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Friday April 14 7:32 PM ET

Technology Firms Get Double Blow From Selloff

By Nicole Volpe

NEW YORK (Reuters) - Leading U.S. technology firms took a double-whammy on Friday. Not only were their market values slashed by the crushing sell-off on Wall Street, but their return on investments in other listed companies, were also put in jeopardy.

Intel Corp. (NasdaqNM:INTC - news), Microsoft Corp. (NasdaqNM:MSFT - news) and Compaq Computer Corp. (NYSE:CPQ - news), among other big names, have made large gains on their investments in cutting edge technology companies because of the surge in technology stock prices in recent years. As some of these investments are sold, the gains have contributed to earnings.

But in the current bear market in technology stocks that extra kick to profits from a company's investment income is under threat, leading to the possibility of earnings disappointments as companies lose the flexibility to massage their accounts.

``When you start counting on market gains, especially outlandish market gains, you wind up in trouble whether you are an individual investor, or Intel,'' said SG Cowen analyst Drew Peck. ``You are adding a great deal of volatility when you do that.''

Intel, at last report, had more than $8 billion in holdings of securities in both privately held and publicly traded firms.

The microchip giant reported $327 million in investment income in its results for the fourth quarter of last year. Intel said in January it expects to report some $500 million in interest and other income, largely from returns on investments, when it reports its first quarter results, which are due out next Tuesday.

The current market shakeout would not affect those first quarter prospects, but could have an impact on the sale of shares in the second quarter, and -- if the downdraft is sustained -- for the rest of the year.

``I'm sure Intel is watching very closely and crossing their fingers and hoping this correction doesn't interfere with their ability to sell shares in the second quarter,'' said Peck.

Microsoft in January noted in its fiscal second quarter report a gain on investments of $773 million, off a total portfolio of nearly $20 billion.

Compaq held $8.3 billion in investments in publicly traded stocks alone in January, according to industry estimates. The computer maker recorded a $50 million net gain on its investments as part of its bottom line earnings report for the fourth quarter of 1999.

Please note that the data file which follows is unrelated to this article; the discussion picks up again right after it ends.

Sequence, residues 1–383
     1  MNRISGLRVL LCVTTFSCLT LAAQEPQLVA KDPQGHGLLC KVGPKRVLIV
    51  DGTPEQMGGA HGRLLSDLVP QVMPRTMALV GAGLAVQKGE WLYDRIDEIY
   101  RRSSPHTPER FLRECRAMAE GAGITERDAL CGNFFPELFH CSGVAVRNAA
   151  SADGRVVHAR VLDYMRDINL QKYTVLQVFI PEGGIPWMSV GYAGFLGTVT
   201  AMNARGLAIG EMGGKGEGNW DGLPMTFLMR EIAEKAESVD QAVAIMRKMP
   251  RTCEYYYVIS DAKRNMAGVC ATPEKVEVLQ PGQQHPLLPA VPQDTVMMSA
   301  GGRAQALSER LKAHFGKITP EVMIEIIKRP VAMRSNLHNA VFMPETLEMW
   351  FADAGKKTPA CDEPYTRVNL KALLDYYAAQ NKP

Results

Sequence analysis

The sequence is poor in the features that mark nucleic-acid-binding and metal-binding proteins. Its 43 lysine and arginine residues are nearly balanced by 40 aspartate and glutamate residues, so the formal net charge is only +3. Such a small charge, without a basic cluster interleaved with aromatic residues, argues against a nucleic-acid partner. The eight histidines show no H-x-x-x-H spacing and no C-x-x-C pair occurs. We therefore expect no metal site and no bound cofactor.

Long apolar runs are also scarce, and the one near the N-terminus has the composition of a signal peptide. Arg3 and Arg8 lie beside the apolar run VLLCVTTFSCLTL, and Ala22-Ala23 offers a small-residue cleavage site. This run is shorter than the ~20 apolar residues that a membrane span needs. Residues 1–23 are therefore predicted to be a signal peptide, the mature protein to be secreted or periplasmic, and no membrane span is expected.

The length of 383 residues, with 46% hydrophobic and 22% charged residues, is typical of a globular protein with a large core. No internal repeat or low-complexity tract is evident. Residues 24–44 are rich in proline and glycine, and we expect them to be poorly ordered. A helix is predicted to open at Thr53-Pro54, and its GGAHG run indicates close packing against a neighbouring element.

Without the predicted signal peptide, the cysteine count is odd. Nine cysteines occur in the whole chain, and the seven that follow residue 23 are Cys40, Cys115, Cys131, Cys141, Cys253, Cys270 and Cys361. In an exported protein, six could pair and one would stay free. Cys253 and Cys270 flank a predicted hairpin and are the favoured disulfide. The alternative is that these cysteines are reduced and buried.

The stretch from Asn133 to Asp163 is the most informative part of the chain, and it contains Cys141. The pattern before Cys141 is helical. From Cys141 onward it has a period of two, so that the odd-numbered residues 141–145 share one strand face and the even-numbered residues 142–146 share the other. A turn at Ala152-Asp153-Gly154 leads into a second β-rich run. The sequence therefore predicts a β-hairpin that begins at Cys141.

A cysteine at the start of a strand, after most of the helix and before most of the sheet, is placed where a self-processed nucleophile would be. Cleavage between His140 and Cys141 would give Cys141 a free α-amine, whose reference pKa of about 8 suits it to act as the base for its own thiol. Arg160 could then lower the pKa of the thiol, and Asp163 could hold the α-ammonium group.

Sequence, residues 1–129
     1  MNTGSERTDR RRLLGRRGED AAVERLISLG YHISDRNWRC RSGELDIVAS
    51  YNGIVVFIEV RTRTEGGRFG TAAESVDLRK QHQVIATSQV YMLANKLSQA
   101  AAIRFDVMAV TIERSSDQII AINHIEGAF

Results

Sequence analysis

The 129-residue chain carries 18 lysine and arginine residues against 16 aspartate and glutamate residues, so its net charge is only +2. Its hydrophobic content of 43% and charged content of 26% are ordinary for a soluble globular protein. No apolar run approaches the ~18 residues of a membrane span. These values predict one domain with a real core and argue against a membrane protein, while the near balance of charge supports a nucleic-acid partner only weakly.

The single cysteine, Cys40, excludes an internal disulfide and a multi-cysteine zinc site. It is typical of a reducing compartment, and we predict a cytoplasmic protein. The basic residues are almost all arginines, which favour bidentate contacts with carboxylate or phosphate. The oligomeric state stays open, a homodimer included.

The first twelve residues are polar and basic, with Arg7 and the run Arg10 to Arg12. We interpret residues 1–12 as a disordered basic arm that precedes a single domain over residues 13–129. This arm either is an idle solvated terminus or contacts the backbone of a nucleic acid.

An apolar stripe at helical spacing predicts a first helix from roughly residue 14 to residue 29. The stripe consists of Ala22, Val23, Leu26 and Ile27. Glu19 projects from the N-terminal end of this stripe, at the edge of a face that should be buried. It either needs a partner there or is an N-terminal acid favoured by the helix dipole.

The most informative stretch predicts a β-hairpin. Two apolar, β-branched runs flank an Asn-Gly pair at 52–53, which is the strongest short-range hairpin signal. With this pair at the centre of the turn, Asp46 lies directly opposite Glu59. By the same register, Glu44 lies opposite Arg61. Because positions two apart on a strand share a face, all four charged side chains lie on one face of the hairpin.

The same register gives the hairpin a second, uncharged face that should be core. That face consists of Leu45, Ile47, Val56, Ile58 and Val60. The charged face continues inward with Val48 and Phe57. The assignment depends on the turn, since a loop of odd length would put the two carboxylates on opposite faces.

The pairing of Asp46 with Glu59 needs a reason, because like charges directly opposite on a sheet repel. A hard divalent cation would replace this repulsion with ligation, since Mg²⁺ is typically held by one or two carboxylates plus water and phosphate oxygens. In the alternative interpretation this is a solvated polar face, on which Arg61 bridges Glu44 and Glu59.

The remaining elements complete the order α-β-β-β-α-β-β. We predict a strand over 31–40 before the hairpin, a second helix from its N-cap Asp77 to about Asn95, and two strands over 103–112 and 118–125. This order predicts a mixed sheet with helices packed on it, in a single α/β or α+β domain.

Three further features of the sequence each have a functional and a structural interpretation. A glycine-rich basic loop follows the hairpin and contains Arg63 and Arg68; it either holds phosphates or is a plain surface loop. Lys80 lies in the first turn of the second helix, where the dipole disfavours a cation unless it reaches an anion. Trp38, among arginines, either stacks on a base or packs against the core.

The reaction to Intel's earnings in January, which exceeded Wall Street expectations on the strength of the gain on investments, suggested some investors may treat gains on investments as though they were a reflection of the company's ongoing operations. The stock jumped more than 10 percent after the earnings report.

To be sure, analysts pointed out that many savvy investors ignore the cash gains.

``You can think about it almost like foreign exchange effect,'' said Chase Hambrecht & Quist analyst Walter Winnitzki, in reference to losses and gains on the translation of revenue and profits from one currency to another.

``It could jump from pluses to minuses real fast.''

And companies with such large portfolios have an enormous amount in unrealized gains, making them somewhat protected from market corrections.

``If you look at Intel, it's one of the largest venture capital firms out there,'' said CS First Boston analyst Charlie Glavin. He said that Intel's Chief Financial Officer Andy Bryant ``is looking at how much could he roll out over the next two or three years, not over the next two or three quarters.''

But any gain taken in the second quarter, if the bear market continues, would have to be made at depressed rates, meaning Intel and other tech companies would need to sell more shares to boost their profits.

Because of the current market slide, companies with investments may need to lower the value of their assets on their balance sheet to reflect any lower market value of their investments.

``It could be that companies like Intel in their first quarter conference calls are going to caution that the second quarter's numbers may have a noncash impact in the current market environment,'' said James Meyer, analyst with Janney Montgomery Scott Inc.

-- Carl Jenkins (, April 16, 2000

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